Free-agent market still open for Bucs
Quiet winter could heat up before the start of Spring Training
PITTSBURGH -- While other mid-market clubs have recently pulled back on their efforts in the free-agent market because of economic uncertainties, the Pirates' management team reiterated to fans at PirateFest on Saturday that the team is still scouring the free-agent market for possible additions.
"The free-agent market is not over," president Frank Coonelly said during the second question-and-answer session with management this weekend. "We're still being very active. I would be very surprised if we don't ... sign players that you would fall in love with this year, between now and the beginning of Spring Training."
The references to the free-agent market weren't overly specific, but one message was made clear -- the Pirates are certainly not closing the door on being able to sign one of the nearly 100 remaining free agents in the next few weeks.
The abundance of free agents still available is largely a result of the unstable economy and the uncertain effect that it will have on club revenues. And while the Pirates are certainly not immune from the economic downturn, they may be able to benefit from a free agent market that is still saturated with talent with Spring Training nearing.
General manager Neal Huntington said that he remains active in discussions with a number of free agents. However, despite the volume of talent still available, Huntington relayed to the public that the salary demands in most cases still have not dropped.
Connelly, too, emphasized the fact that a number of free agents still haven't lowered their asking prices despite warning signs that those desired salary figures will not and cannot be met by teams this offseason.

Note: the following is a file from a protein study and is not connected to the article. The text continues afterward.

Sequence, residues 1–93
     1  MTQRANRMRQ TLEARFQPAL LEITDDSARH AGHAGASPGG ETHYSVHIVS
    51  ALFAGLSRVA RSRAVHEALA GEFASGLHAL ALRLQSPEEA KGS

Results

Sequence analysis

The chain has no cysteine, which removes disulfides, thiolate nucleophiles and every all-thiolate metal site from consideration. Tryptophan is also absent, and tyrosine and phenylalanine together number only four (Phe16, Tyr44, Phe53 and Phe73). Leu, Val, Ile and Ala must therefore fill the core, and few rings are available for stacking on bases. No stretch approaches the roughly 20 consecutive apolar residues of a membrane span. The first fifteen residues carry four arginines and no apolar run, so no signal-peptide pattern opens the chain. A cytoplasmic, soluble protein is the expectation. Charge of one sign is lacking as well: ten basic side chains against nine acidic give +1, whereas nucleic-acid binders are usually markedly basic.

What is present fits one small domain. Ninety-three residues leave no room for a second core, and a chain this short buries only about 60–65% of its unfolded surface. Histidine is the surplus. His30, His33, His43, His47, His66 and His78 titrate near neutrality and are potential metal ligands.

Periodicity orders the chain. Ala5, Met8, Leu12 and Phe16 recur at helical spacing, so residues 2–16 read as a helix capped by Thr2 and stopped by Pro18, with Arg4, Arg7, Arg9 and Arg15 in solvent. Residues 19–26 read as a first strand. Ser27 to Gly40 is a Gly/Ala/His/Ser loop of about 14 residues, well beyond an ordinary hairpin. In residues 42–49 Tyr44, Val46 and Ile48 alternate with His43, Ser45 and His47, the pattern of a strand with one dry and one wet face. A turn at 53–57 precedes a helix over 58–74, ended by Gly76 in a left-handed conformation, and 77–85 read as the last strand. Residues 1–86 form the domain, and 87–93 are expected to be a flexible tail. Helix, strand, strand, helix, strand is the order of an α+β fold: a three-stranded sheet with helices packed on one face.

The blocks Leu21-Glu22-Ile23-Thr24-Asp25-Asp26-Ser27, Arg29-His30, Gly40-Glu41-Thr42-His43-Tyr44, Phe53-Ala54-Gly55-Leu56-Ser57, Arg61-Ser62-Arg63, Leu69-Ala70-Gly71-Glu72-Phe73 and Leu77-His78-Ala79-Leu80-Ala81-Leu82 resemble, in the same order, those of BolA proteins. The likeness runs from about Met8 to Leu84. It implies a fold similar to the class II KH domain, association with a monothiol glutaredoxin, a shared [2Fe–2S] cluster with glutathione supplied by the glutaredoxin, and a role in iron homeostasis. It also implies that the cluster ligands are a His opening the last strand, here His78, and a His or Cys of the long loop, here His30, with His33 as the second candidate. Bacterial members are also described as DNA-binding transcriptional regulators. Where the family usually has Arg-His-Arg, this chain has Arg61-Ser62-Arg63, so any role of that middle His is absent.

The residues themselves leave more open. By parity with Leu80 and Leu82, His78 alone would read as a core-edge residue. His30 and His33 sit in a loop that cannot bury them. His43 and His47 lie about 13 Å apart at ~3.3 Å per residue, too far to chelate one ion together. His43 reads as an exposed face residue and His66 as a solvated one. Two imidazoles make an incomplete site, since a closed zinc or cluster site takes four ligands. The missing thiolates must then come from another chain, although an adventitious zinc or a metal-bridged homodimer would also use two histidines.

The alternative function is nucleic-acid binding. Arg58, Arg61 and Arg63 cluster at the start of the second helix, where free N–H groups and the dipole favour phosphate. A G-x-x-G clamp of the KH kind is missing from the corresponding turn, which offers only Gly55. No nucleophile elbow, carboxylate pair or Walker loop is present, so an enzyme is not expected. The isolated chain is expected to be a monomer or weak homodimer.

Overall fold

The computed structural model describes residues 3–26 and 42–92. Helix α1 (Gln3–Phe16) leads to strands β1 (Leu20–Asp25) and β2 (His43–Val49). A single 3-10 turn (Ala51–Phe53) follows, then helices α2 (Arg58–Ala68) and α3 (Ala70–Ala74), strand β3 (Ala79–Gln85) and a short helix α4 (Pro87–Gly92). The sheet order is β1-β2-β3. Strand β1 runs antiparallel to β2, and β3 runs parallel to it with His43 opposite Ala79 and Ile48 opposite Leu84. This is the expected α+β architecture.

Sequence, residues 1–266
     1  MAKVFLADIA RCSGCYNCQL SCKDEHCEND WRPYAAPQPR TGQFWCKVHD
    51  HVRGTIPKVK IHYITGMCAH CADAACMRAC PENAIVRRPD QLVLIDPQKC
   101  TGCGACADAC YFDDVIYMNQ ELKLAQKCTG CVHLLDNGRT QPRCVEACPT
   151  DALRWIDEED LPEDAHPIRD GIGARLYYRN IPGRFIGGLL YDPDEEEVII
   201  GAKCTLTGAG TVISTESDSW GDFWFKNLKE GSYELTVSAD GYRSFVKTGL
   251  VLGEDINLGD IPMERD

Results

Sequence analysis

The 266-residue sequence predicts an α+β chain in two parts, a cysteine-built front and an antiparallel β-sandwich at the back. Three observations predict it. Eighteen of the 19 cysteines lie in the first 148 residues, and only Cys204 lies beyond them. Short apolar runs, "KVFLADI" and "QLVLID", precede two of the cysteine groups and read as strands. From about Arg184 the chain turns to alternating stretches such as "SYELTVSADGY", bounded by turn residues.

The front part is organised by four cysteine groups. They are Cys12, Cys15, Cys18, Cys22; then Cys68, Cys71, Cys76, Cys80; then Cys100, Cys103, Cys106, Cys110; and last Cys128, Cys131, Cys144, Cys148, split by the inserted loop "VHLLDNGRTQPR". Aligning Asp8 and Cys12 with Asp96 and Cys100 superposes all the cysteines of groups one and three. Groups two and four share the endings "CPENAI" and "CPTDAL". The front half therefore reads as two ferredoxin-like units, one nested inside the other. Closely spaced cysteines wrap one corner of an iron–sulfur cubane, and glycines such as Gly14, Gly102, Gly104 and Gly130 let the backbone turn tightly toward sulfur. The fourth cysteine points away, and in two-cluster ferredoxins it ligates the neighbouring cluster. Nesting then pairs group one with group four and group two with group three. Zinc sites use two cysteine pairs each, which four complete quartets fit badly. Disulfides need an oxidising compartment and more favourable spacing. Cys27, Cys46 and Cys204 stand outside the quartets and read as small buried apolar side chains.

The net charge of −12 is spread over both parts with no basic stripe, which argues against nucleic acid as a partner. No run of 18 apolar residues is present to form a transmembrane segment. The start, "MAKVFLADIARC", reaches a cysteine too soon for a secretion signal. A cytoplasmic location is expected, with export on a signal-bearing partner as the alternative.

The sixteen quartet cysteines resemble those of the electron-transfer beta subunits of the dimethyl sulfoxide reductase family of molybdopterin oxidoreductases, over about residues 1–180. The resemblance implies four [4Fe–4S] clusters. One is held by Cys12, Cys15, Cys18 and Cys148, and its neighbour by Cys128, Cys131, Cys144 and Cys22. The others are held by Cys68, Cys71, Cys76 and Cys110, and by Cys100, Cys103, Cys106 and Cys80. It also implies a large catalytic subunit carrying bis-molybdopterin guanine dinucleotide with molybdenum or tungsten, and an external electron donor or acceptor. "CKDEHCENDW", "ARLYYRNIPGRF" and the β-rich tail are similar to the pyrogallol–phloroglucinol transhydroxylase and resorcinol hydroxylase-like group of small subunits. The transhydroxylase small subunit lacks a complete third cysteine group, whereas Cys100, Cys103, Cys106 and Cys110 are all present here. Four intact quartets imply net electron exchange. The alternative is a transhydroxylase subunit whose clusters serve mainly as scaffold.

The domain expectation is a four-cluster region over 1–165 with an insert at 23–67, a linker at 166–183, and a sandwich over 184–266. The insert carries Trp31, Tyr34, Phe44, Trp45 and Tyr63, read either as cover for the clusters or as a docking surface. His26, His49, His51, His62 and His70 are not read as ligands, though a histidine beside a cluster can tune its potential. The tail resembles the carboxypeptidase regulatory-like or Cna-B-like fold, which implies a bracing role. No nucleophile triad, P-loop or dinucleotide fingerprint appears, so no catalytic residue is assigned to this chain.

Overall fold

"The economy has collapsed, the agents for the players that are available still haven't realized that the economy has collapsed and they are still asking for prices that are based on yesterday's market," Coonelly said.
Huntington would not rule out the possibility that the club could still make a run at acquiring a proven veteran starter. In the same breath, though, he added that doing so is not a necessity. The management team has no intentions of overpaying a veteran simply to check the item off the offseason wish list.
"We've explored any number of the veteran starters that are still out there," Huntington said. "But we need to make sure that those veteran starters can still pitch and still perform. It comes back to that we're paying them for what they are going to do, not for what they've done. A lot of veterans still want to get paid for what they've done, and we don't have the threshold to want to do that."
Pedro Martinez is one veteran who has been linked in reports to have had exploratory discussions with the Pirates, though there are no indications that the discussions have materialized into anything deeper.
Remember, Doug Mientkiewicz, who became an integral part of the team in '08, signed as a Minor League free agent just four days before the Pirates held their first Spring Training workout.
As Huntington works to reassemble the Pirates' bench, his focus will remain on finding versatile players to fill a backup role. For instance, he ruled out the acquisitions of players like Rich Aurilia or Kevin Millar, neither of whom can play multiple positions.
"We need guys that can be versatile and can bounce around the diamond and play multiple positions," Huntington said. "We're trying to find players that can help [manager John Russell] to where he can move pieces around and put his players in position to be successful."
To this date, the Pirates have signed just one Major League free agent this offseason. The club finalized a two-year deal with free-agent infielder Ramon Vazquez in December.
Jenifer Langosch is a reporter for MLB.com. This story was not subject to the approval of Major League Baseball or its clubs.